An interesting and unintended consequence of this self-reflection has been noticing that I have a mean-streak. I strive to be kind and compassionate to those around me, and yet, to myself, I can be downright cruel. I can finish a 10 hour work day, and still feel like I didn’t work hard enough. I can hear from others that I’ve done great work, and yet the voice in my head tells me that it’s garbage.

Recognizing how essential downtime is, and tracking my time have helped me to ease up on myself a bit. I can see on my calendar that I’ve worked hard. I can reframe down-time from something selfish to something essential.

And, just noticing this in myself has helped a lot as well. I would never let anyone talk to my best friend the way I talk to myself. Noticing and naming that has helped me become kinder and gentler with myself—which has gone a long way toward feeling calm and confident in my work and life. Pay attention to your self-talk. Just noticing how you think can help you be a bit kinder to yourself.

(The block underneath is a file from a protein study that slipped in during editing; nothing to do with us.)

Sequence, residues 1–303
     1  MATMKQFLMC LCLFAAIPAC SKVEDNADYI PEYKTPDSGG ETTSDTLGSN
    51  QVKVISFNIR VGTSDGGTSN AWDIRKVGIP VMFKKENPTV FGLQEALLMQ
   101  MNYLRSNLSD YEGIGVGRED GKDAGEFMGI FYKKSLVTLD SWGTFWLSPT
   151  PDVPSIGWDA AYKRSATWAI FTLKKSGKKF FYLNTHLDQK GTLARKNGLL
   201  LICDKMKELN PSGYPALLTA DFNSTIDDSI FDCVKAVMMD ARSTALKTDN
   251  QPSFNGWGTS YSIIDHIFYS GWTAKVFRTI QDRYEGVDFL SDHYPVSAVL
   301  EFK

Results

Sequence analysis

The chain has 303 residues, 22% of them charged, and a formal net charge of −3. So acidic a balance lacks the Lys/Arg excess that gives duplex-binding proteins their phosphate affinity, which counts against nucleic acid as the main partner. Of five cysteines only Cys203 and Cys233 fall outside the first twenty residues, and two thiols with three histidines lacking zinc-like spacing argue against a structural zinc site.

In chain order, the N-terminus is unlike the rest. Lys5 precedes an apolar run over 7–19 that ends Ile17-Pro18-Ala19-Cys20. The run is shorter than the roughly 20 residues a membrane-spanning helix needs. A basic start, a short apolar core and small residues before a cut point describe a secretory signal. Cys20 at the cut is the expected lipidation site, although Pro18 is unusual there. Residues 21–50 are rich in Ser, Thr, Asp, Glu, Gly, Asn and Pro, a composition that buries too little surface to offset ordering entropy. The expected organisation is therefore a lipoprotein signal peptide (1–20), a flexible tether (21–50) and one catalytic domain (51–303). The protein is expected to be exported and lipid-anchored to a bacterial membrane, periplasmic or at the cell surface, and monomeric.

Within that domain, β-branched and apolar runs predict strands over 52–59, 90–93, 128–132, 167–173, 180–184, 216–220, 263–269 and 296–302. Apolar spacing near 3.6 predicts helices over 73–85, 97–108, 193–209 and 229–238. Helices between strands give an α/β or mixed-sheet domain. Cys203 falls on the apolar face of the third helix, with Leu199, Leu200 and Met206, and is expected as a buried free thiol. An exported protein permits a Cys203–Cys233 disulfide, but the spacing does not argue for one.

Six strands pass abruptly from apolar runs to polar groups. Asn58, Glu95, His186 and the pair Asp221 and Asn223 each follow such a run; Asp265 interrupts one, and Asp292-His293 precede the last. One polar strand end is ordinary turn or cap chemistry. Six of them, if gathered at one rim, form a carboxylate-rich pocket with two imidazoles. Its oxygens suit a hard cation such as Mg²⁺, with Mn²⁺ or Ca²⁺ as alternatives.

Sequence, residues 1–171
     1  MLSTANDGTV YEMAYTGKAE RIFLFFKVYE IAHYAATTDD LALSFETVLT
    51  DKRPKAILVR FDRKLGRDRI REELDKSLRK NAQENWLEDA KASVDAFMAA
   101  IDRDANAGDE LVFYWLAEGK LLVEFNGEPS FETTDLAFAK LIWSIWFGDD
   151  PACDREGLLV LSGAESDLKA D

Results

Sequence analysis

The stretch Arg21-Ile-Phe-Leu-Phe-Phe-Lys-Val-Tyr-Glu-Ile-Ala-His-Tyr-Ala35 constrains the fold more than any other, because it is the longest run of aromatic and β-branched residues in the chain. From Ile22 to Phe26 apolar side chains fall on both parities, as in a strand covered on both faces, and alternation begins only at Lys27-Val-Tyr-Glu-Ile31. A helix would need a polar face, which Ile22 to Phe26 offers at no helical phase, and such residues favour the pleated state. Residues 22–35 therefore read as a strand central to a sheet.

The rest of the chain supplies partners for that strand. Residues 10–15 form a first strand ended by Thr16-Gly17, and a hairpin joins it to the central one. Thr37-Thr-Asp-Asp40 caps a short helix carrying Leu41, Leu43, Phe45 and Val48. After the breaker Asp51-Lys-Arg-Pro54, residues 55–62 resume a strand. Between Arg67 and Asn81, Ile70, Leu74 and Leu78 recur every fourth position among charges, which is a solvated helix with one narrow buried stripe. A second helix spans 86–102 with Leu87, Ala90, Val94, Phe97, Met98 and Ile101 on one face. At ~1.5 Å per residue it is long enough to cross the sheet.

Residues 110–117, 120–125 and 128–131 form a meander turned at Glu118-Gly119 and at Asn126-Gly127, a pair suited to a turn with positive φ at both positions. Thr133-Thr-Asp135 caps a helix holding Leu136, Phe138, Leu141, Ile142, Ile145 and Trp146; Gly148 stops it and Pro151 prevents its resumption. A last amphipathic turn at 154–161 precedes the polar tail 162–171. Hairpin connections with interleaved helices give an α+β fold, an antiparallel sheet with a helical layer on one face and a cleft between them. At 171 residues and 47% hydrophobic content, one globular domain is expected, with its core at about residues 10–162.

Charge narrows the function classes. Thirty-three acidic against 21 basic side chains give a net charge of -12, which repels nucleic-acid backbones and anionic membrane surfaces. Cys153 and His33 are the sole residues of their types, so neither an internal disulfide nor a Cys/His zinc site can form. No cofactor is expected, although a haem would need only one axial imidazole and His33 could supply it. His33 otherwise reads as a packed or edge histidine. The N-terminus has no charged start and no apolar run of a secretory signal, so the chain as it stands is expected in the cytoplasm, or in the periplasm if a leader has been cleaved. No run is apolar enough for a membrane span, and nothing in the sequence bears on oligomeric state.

I invite you to learn from my challenges self-reflection from this past month. Prioritize downtime, manage the different modes you need in your life, and pay attention to your self-talk—if you’re anything like me, you’ll feel a lot calmer, happier, and more productive as a result, which will be essential for your next big challenge.

Photo by Anete Lūsiņa on Unsplash
Reflecting on the pressures of productivity helps us avoid its consequences. This practical advice will keep you on track and avoid burn out.